An analysis of the wording of all the issues of the People's Daily from 1995 to 2000 was used in the writing of The First Series of Standardized Forms of Words with Non-standardized Variant Forms.: 3
The People's Daily also maintains a multilingual internet presence; and established the People's Daily Online (人民网) in 1997. The website of People's Daily includes content in Arabic, French, Russian, Spanish, Japanese and English. In comparison to the original Chinese version, the foreign-language version offers less in-depth discussion of domestic policies and affairs and more editorial about China's foreign policies and motives.
In 2014 the newspaper launched a Chinese-language application which was followed on October 15, 2017, by an English-language version.
People's Daily in recent years has been expanding its publicity on the overseas social media platforms. It has millions followers on its Facebook page, Twitter account, Instagram account, and YouTube account. However, an unusually high proportion of its followers are virtually inactive and likely to be fake users, according to the study of Committee to Protect Journalists.
The People's Daily employs "writing task groups" (Chinese: 写作小组; pinyin: xiězuò xiǎozǔ) of various staff to compose editorial pieces to signal the significance of certain pieces or their relationship to the official views of the CCP. These groups are published under "signatures" (i.e., pen names: 署名 shǔmíng) that may correspond with the topic and weight of a piece, and what specific government or CCP body is backing it, often with homophonous references to their purpose.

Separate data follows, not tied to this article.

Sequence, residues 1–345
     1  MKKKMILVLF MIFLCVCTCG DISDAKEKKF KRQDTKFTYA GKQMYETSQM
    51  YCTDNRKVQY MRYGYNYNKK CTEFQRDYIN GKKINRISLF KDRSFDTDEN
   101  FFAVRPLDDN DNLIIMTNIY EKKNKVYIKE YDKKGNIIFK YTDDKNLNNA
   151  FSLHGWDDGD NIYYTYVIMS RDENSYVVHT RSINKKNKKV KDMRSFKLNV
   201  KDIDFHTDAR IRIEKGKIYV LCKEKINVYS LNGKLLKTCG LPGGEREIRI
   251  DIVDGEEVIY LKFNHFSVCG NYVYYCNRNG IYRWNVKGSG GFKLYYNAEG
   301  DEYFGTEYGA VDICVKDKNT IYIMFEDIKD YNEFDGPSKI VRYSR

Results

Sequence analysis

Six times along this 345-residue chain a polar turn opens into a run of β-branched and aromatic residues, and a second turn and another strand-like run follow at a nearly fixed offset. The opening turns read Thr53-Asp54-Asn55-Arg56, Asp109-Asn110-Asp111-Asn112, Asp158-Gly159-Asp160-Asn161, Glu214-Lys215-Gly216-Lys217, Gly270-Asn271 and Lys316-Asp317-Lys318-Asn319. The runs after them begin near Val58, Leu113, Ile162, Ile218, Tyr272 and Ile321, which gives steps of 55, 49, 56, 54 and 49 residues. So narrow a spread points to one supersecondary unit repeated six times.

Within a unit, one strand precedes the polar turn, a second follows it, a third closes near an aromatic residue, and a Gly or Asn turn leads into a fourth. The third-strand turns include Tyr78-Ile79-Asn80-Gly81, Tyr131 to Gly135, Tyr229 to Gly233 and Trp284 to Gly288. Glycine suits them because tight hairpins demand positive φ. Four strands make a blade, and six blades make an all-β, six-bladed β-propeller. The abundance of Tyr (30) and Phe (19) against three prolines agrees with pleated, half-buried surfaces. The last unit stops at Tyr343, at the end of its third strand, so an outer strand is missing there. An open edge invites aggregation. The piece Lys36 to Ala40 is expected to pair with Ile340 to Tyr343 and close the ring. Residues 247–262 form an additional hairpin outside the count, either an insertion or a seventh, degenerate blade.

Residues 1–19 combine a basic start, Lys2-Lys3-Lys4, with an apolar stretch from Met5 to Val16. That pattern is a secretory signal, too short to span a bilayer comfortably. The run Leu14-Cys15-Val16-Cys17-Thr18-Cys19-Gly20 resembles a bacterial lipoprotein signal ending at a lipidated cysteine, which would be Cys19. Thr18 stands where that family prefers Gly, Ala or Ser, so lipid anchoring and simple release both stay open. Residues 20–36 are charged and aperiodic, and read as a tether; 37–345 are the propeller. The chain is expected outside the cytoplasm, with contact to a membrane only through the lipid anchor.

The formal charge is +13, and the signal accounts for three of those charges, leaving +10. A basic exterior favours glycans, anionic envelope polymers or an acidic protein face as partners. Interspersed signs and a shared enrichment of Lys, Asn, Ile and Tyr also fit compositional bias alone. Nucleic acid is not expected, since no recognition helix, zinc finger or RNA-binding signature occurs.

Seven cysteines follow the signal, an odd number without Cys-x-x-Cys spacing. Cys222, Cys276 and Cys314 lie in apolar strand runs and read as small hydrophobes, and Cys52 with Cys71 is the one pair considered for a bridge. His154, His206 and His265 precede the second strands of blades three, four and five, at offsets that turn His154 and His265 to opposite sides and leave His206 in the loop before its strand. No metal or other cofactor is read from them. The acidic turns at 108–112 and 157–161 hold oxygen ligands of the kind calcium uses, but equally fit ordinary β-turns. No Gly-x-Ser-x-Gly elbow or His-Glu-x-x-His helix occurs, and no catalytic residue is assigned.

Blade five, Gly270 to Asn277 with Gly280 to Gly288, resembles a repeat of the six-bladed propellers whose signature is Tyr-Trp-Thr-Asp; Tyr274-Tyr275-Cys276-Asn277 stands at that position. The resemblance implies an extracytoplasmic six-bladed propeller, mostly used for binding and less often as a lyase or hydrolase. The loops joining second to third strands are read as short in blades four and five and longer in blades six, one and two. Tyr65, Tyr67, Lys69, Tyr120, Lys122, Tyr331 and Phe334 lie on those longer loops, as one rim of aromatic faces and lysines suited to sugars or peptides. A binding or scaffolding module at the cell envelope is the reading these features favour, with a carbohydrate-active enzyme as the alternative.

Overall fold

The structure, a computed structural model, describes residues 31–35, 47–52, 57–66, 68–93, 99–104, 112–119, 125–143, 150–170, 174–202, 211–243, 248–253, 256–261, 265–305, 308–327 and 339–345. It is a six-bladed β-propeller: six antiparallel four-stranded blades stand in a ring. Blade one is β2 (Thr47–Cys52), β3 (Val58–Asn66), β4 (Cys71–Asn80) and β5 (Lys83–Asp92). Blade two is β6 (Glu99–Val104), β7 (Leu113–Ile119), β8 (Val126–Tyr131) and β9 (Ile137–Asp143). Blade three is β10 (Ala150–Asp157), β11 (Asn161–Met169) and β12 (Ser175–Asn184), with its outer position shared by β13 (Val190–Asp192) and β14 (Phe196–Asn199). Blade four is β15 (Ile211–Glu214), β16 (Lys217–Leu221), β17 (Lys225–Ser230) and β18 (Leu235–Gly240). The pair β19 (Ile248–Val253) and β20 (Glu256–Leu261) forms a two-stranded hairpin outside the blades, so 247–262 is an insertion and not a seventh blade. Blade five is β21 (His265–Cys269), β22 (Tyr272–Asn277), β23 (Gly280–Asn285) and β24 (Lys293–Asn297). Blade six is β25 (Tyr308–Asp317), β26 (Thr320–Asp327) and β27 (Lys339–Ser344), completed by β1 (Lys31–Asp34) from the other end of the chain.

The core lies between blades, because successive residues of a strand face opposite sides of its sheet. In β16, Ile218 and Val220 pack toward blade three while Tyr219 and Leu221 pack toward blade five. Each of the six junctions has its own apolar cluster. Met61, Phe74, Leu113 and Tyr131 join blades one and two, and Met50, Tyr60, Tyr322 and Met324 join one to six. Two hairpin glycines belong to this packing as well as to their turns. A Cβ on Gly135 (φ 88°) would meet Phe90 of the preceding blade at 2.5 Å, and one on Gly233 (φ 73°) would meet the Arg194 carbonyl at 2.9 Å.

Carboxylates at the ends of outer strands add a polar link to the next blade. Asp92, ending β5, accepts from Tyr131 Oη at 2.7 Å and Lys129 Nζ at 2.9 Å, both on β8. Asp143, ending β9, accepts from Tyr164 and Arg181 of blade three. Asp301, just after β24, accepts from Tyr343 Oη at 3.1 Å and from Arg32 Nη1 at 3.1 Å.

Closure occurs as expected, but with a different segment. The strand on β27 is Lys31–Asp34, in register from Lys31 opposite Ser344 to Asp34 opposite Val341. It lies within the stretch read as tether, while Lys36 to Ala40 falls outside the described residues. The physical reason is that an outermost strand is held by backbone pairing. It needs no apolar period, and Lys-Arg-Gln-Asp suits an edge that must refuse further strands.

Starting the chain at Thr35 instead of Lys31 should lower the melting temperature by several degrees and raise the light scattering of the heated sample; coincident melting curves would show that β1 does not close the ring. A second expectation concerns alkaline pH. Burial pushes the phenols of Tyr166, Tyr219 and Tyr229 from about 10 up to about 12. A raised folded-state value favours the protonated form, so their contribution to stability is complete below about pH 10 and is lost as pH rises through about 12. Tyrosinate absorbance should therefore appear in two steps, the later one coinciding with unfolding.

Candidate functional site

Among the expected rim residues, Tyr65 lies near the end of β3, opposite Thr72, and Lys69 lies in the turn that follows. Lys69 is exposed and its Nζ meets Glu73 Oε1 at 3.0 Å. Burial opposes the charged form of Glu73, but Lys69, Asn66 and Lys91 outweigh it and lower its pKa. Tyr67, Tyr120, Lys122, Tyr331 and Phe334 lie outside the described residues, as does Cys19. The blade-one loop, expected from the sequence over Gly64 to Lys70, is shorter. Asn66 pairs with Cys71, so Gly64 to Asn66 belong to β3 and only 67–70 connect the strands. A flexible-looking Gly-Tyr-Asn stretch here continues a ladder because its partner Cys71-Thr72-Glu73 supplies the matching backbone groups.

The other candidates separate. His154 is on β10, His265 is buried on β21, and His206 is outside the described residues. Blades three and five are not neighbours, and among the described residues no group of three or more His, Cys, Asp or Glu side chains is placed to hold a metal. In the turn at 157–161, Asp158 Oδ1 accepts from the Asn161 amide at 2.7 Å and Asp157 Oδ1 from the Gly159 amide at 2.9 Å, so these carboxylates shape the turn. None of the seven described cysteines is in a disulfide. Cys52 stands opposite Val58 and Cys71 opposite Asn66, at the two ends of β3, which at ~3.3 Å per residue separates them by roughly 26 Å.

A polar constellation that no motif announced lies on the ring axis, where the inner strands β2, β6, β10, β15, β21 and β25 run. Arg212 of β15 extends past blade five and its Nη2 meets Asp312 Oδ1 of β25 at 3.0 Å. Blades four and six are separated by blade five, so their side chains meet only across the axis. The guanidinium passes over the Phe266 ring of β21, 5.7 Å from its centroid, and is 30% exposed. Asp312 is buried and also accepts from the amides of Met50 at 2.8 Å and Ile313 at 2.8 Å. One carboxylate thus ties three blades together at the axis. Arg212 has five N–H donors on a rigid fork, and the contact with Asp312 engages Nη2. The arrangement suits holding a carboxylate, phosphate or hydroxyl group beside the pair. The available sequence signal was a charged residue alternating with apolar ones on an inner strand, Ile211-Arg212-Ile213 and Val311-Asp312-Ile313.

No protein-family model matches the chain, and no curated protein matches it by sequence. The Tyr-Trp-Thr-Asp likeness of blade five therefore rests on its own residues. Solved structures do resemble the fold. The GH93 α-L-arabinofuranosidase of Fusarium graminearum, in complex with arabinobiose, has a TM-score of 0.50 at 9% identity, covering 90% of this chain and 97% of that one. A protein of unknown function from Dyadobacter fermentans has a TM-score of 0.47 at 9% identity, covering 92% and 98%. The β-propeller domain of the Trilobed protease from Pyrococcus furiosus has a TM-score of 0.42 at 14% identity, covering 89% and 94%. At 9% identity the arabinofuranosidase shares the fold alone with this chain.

|Pen name||Etymology/symbolism||Usage||Example articles||Ref|
|Ren Zhongping 任仲平||From 人民日报重要评论 Rénmín Rìbào zhòngyào pínglùn
'important People's Daily commentary'
|Used to represent the view of the People's Daily as an organization.||"Hong Kong scores brilliant achievements after return", June 2017
"Keeping original aspiration, CPC creates glorious achievements", September 2019
|Zhong Sheng 钟声||Homophone of 中声 Zhōng shēng
'voice of China'
|Commentary on major international affairs by editors and staff.||"U.S. practice to claim compensation for COVID-19 outbreak a shame for human civilization", May 2020|||
|Guo Jiping 国纪平||From 有关国际的重要评论 yǒuguān guójì de zhòngyào pínglùn
'important commentary on international [matters]'
|According to China Daily, Guo Jiping is "used for People's Daily editorials meant to outline China's stance and viewpoints on major international issues." Guo Jiping articles are rarer and generally longer than Zhong Sheng articles.||"Losing no time in progressing—grasping the historic opportunity for common development", December 2019|||
|Guo Ping 国平||Unclear. Guó means 'country' and píng 'peace, calm'. Píng is also the last character in Xi Jinping's name.||Articles that focus on Xi Jinping and his political thought.||"在改革中更好掌握当代中国命运: 六论习近平总书记治国理政新思想新成就" ("Better Grasp Contemporary China's Destiny during Reform: On the New Thought and New Achievements of Xi Jinping in Governing the Country"), February 2016|||
|Zhong Zuwen 仲祖文||From 中共中央组织部文章 Zhōnggòng Zhōngyāng Zǔzhībù wénzhāng
'articles from the Central Party Organization Department'
|Pieces from the Organization Department of the Chinese Communist Party, covering topics related to the Party principles and ideology.||"Moral standards for officials' personal life necessary", July 2010|||
|Zheng Qingyuan 郑青原||Taken from the saying 正本清源 zhèngběn qīngyuán
'clarify matters and get to the bottom of things'.
|Used to comment on political reform, particularly in attacking Western-style liberal democracy. A writer from the Beijing Morning Post (now part of The Beijing News) speculated that it represented the Politburo in an article that was taken down within a day in China.||"China to promote reform with greater resolve, courage", October 2010|||